I am hopeful she will beat the odds. Like many cancer patients, she must endure multiple chemotherapy treatments to rid her body of cancer. But how painful that must be! When I asked my sister how she does it, she answered, “Heck, I can do chemotherapy eight times.”

She does not know what the future holds, yet she forges ahead week after week. She does not cry. She does not ask for sympathy. How stoic!

Whether Diana realizes it or not, she is my hero. I can learn so much from her strength. She is definitely the “Wind Beneath My Wings” as in Bette Midler’s song.

The announcer’s comment also made me wonder how often we thank our mentors. They do not ask for it. But would you be where you are today without them as role models?

My professional career has been enhanced by the experience and expertise of my various mentors. I have received product suggestions that help both my sister and my own patients. While student teaching at an area school of dental hygiene, I was offered assistance in preparing my lesson on jurisprudence. I have been encouraged to join the American Academy of Dental Hygiene. Part of AADH’s mission statement is professional growth through leadership, mentorship, and fellowship. These professionals have taken the mission of AADH to heart by taking me under their wings.

Other mentors introduced me to loupes and to ergonomics. After working for 36 years without the benefit of loupes or an ergonomic chair, I now cannot imagine how I ever did it. I have been encouraged to be a better writer by writing from the heart. In the few articles I have written, I have kept this advice in the forefront of my mind. My mentors have taken roles as my proofreaders, keeping my past, present, and future tenses in the right order.

My sister has taught me to be strong and to be a fighter - no matter what the adversity.

To all of my role models, thank you for being part of my life and for showing me the ropes! I could not have done it without you!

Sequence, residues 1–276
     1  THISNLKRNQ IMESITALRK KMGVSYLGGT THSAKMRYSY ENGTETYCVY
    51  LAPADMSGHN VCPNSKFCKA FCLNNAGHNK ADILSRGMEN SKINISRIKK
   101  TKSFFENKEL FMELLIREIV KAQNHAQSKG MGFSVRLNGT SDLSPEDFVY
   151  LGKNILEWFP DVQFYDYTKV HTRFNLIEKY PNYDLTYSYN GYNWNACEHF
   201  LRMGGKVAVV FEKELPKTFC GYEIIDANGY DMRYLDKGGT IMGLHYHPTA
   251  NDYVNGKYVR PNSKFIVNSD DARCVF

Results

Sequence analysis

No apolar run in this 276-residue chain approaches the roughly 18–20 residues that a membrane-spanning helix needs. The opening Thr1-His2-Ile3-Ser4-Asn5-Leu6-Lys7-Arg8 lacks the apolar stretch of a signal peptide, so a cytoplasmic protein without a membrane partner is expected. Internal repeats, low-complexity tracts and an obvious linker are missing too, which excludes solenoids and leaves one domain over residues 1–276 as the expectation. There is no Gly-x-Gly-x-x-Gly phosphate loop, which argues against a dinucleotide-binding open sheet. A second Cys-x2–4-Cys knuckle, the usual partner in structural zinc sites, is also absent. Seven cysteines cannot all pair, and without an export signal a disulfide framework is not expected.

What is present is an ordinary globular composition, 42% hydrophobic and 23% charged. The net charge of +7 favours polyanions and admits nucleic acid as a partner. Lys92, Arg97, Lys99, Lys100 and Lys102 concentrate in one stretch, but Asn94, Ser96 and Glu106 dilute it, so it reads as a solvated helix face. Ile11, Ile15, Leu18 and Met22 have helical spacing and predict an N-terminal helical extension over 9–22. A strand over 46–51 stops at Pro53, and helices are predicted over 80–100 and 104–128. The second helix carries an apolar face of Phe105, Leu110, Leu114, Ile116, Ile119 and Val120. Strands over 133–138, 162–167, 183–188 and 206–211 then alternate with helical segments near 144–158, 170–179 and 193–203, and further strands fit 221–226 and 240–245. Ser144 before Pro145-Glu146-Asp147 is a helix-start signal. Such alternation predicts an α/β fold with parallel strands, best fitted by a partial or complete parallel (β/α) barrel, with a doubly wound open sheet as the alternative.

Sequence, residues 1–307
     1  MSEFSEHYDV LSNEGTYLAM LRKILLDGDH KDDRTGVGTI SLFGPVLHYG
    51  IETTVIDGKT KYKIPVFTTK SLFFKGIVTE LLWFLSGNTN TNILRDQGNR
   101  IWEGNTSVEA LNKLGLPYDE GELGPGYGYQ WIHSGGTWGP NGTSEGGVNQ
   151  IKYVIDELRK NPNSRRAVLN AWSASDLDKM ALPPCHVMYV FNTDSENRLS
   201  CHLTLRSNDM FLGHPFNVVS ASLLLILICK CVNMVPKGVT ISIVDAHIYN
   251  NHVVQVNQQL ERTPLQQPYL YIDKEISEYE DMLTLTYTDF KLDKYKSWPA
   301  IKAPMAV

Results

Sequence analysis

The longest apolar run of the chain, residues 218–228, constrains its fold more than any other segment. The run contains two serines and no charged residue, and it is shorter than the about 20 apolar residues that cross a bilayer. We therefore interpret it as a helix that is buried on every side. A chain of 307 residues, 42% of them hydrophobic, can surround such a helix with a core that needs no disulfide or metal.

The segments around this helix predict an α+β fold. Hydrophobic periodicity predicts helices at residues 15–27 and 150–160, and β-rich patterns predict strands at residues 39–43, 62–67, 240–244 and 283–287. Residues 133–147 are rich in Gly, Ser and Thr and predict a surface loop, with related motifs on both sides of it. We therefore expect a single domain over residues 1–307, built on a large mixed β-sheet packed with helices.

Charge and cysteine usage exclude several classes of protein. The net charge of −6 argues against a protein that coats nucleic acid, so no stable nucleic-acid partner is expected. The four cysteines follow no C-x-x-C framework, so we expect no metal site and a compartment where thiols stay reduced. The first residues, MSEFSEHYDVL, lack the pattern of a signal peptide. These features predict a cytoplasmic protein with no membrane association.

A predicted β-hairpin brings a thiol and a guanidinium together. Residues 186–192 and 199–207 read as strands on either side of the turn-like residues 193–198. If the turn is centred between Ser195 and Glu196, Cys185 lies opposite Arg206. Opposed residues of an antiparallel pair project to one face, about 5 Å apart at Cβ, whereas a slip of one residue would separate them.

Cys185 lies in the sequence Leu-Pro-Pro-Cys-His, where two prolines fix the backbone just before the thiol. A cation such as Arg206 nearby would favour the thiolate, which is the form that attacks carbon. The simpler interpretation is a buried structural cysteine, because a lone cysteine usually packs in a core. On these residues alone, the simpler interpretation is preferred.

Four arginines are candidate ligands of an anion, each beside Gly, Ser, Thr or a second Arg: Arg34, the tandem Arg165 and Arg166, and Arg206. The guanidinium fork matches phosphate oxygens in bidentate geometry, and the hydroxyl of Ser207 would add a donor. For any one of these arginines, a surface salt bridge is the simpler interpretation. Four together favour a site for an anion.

Help Others Turn Their Lives Around

Frequently, people who become mentors have been mentored themselves. It reminds me of the book that was made into a movie, Pay It Forward. It is a story about eleven-year-old student, Trevor McKinney, whose social studies teacher directed the class to discover a way to change our world for the better and for that change to continue with others. Trevor develops a plan to “pay it forward” where each person does something for three people to turn their lives around. It was a great idea that took hold in many places in our country.

Look over your professional and personal life and become “Trevor.” How can you help others to turn their lives around? Do not be too busy to offer your expertise to a student hygienist. Join the ADHA and your local component; get involved! Do not sit back and wait for someone else to head a committee in your component. Encourage dental hygiene students to attend your component meetings.

Do not sit back and wait for someone else to head the Girl Scout or Boy Scout troop; do it! Be a Big Sister/Big Brother for someone who has no mentor. Honor your mentors by becoming one. Pay it forward!

About the Author

Susan P. Burzynski, RDH, MSEd, is the past president of the Buffalo Dental Hygienists’ Association and is a member of Amy’s List. She received her master’s degree from Canisius College in Buffalo, N.Y., in 2006. Susan has written various articles for RDH magazine and RDH e-Village. Currently, she is a clinical dental hygienist for Dr. James A. Hoddick in Tonawanda, N.Y. She may be reached at [email protected].


1. Cherath, L, McTavish, A, Frey, R, “Lung cancer, non-small cell,” 2005 Gale Encyclopedia of Cancer: A Guide to Cancer and Its Treatments, Available at: Accessed February 26, 2007.

2. Thun, M., Henlely, S., Burns, D., Jemal, A., Shanks, T., Calle, E., “Lung Cancer Death Rates in Lifelong Nonsmokers” J National Cancer Institute, 2006; 98:691-699.

3. Albert Schweitzer quote from Lynn Radhaksdii, RDH on post of February 28, 2007, in

4. American Lung Association, Lung Disease Data: 2006, Accessed on February 26, 2007.

5. American Academy of Otolaryngology -Head and Neck Surgery, Children and Secondhand Smoke page. Available at : Accessed March 3, 2007

6. American Cancer Society, Detailed Guide: Lung Cancer-Non-small Cell: How is Non-Small Cell Lung Cancer Staged? Available at: Accessed February 18, 2007.

7. Collins, L., Haines, C.,Perkel, R., Enck R., “Lung Cancer: Diagnosis and Management,” American Family Physician, 2007;75:56-63.